A French court has dismissed legal action against President Jacques Chirac over the food bills he ran up as mayor of Paris in the 1980s and 1990s.
The Chiracs' lavish lifestyle has been under scrutiny
The current mayor filed a complaint last year, after an audit revealed that Mr Chirac and his wife had claimed high expenses for private entertaining.
They amounted to 600 euros (£420) a day on average between 1988 and 1995.
But a Paris appeals court on Wednesday ruled there was no case to answer, as the statute of limitations had lapsed.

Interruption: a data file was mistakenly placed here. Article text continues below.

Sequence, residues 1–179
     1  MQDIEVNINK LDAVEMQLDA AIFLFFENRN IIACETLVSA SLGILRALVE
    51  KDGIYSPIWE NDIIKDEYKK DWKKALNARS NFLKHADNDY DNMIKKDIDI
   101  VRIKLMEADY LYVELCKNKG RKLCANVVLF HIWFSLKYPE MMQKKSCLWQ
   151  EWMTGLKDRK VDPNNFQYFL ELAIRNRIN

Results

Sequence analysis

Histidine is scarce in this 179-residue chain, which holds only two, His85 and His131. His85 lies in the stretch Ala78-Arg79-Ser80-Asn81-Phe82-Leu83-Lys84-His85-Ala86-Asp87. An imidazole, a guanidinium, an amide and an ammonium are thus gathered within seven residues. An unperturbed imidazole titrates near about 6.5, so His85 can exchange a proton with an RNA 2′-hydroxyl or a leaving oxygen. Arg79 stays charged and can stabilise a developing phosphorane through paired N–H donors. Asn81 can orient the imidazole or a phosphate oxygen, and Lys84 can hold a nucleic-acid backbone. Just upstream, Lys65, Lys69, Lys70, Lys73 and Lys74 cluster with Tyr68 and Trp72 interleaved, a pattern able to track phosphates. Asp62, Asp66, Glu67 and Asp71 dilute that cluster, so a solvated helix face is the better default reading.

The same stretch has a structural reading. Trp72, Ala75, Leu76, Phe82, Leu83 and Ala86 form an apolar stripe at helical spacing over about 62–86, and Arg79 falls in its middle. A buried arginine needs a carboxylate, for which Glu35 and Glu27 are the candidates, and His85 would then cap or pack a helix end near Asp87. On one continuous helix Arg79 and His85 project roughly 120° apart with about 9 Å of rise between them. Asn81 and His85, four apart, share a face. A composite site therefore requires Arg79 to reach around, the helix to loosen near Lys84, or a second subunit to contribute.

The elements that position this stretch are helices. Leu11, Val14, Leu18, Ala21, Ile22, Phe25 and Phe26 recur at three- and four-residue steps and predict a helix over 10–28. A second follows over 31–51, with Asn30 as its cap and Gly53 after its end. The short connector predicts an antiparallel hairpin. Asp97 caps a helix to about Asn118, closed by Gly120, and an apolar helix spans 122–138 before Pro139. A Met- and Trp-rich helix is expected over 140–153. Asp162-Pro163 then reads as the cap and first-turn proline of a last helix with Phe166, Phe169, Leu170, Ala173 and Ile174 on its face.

Mr Chirac, who stood down as Paris mayor when he was elected president in 1995, has declined to comment on the allegations.
He remains immune from possible prosecution as long as he is head of state - although his wife enjoys no such immunity.
The incumbent mayor, Bertrand Delanoe, filed the civil complaint after auditors he ordered found huge claims for private receptions.
The audit revealed - among other things - that cash payments to the mayor's cooks amounted to 1.4 million euros (£1m).
The report said some bills appeared to have been paid several times, and others seemed to be for fictitious items.
French magistrates have also investigated large cash payments Mr Chirac made for private trips abroad in the 1990s.
He has denied any impropriety.